“You must have a man’s courage,” Amer (Ashraf Barhom) tells young Hayat (Basima Hajjar), instructing her in the mechanical as well as emotional operation of a harpoon gun. Hayat, inexperienced in the hunter’s ways, hesitated on her shot nights prior while staring a man-eating mermaid right in the eye, and Amer had to make the kill for her. In a quiet moment, he takes her under his tutelage despite her status as pariah. But Amer’s advice isn’t advice at all: It’s an invitation to the vicious, violent cycle that has kept him, Hayat and their people trapped in a constant state of sacrifice and bloodletting for who knows how long. A man’s courage is a foolish, dangerous thing.
The dichotomy between a man’s courage and a girl’s compassion makes up the center of Shahad Ameen’s debut feature, Scales, a black-and-white horror-fantasy set in a barren world where survival is bought with the unthinkable. Set in a poor, unnamed fishing village along an arid coastline, the film opens on the commencement of a ritual in which new fathers wade waist-deep into lapping waves and deposit their squalling newborn daughters beneath inky waters. One man performs this monstrous duty with resignation. The other, Muthana (Yagoub Alfarhan), drops his own child, the previously mentioned Hayat, to her fate, but when he sees a webbed hand grasp her ankle, he acts, yanking her from the creature’s clutches and wading to shore as the babe coughs up water and gulps down air. 12 years later, Hayat is a preteen with scales decorating her body where the thing touched her, Muthana is an outcast and the village is cursed with poor catches from the sea.
In tales of monsters, whether told through the lenses of science fiction or horror or other genres, the question is often asked whether humanity is worse than the monsters in question. Ameen flirts with the same reflection in Scales but comes up with a considerably less judgmental answer. The absence of judgment leads to a complicated conclusion, but this just makes her parable all the richer. Taking the most obvious read, Scales makes patriarchy a villain and women its victims. Amer teaches the village’s boys to kill without hesitation or mercy, raising them on a steady diet of male dominance and in the spirit that might makes right. When Hayat earns her way into their ranks by slaying one of the monsters on her own, she sees up close what these young men are taught by their elders: A callous indifference to life that’s uglier than the skin on her leg.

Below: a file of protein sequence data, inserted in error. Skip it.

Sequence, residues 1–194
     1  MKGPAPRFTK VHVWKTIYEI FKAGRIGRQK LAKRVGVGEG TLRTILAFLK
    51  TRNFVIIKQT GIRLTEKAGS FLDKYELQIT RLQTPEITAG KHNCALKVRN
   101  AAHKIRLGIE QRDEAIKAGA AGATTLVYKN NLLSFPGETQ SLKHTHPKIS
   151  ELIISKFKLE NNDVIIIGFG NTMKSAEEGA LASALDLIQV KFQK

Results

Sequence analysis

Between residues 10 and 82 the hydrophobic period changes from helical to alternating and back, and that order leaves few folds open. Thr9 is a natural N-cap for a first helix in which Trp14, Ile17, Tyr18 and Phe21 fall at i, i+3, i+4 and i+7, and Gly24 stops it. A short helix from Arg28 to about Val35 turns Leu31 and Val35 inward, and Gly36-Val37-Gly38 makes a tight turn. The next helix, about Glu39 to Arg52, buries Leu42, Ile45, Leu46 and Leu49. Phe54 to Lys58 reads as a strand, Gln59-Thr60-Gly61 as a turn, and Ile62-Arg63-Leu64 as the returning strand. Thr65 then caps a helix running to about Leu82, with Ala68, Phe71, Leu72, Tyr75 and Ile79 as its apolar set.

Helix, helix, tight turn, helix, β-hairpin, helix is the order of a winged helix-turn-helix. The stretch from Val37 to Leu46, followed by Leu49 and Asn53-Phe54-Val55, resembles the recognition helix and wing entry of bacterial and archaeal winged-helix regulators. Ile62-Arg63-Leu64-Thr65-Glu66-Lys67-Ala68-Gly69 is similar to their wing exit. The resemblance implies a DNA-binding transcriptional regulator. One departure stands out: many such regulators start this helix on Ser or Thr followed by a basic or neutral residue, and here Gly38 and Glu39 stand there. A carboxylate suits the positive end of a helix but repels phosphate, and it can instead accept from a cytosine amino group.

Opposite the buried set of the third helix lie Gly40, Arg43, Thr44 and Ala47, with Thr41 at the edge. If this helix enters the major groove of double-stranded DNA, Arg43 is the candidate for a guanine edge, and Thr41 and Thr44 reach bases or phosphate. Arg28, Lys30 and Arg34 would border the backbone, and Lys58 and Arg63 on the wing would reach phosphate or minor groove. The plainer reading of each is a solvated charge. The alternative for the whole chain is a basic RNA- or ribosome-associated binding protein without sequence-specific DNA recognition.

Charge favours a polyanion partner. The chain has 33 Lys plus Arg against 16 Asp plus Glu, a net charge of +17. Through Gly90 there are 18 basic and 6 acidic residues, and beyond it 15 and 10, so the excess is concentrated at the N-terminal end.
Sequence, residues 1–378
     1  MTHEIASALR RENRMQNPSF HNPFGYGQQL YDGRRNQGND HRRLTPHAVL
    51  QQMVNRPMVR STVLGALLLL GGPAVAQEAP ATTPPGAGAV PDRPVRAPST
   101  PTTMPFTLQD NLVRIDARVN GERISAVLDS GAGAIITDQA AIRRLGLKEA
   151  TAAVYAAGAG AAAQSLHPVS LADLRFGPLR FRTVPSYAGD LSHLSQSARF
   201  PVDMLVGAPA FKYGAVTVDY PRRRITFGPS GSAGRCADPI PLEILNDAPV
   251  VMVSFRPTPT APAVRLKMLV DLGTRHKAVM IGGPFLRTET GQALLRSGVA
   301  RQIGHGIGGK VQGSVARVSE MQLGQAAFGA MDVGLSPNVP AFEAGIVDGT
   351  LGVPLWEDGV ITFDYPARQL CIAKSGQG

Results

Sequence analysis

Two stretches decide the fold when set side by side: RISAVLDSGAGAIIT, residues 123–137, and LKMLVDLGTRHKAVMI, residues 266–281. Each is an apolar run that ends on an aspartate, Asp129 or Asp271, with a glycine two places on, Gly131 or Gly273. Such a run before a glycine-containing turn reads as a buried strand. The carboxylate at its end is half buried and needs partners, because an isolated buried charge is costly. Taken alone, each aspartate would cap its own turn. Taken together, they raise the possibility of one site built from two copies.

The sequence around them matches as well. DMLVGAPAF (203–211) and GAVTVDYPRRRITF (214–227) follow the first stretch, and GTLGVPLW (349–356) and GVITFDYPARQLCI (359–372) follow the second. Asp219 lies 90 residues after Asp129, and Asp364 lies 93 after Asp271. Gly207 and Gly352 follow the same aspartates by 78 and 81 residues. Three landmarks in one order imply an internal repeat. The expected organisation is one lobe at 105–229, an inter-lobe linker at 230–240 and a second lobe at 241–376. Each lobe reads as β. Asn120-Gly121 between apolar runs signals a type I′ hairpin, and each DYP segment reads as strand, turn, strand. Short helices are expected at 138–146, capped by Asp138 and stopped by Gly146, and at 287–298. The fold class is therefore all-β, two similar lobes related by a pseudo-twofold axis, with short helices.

But Ameen, like Hayat, has a great heart, and understands how bringing up boys to be men—stoic, insular, decisive without rational thought—traps boys in the same culture of misogyny as her lead. There’s a gulf between what impact that misogyny has on the boys compared to the girls, of course. In Scales, anyone with a penis as their birthright are basically lottery winners: Boyhood is a Get Out of Jail Free card sparing them from a grisly aquatic doom. Hayat struggles for her place in her world, both as a member of the fairer sex and as a child who lived instead of died. Ameen’s sympathy for Hayat knows no bounds and extends to admirable lengths for Hayat’s male peers—even for Amer—but stops short of letting them off the hook (if you’ll tolerate the pun). If there’s such a thing as too much condemnation, there’s such a thing as too little as well.
What ties together the complexity of Scales’ morality with its gender clashes is Ameen’s filmmaking. It’s beautiful, for one thing: Patient and deliberate with emphasis on longer takes and close-ups of her actors’ faces—particularly Hajjar, whose expressions of Hayat’s bravery fill up the screen. More meaningfully, the black-and-white aesthetic gives the story space to breathe and room for Ameen’s genre elements to stretch their legs.
Couched in cinematographer João Ribeiro’s lush visuals, the fantasy and the horror feel more and less real at the same time: He brings this desolate landscape to startling life, never missing a chance to capture granular details like the craggy profile of a cliff face or sunlight glinting off of purling seas, and this in turn makes the practical FX stand out. Scales’ salt-crusted fish-women are indeed a sight to behold, after all, so giving them proper highlighting makes sense. But Ribeiro and Ameen do more than show off the excellent makeup work done to give these creatures life: They frame them as hapless in their own way, just like everyone else. Scales is a grim movie as much as it’s a gorgeous one. It isn’t without hope, but hope is in short supply, on land and underwater.
Director: Shahad Ameen
Writer: Shahad Ameen
Starring: Basima Hajjar, Yagoub Alfarhan, Ashraf Barhom
Release Date: July 9, 2021
Bostonian culture journalist Andy Crump covers the movies, beer, music, and being a dad for way too many outlets, perhaps even yours. He has contributed to Paste since 2013. You can follow him on Twitter and find his collected work at his personal blog. He’s composed of roughly 65% craft beer.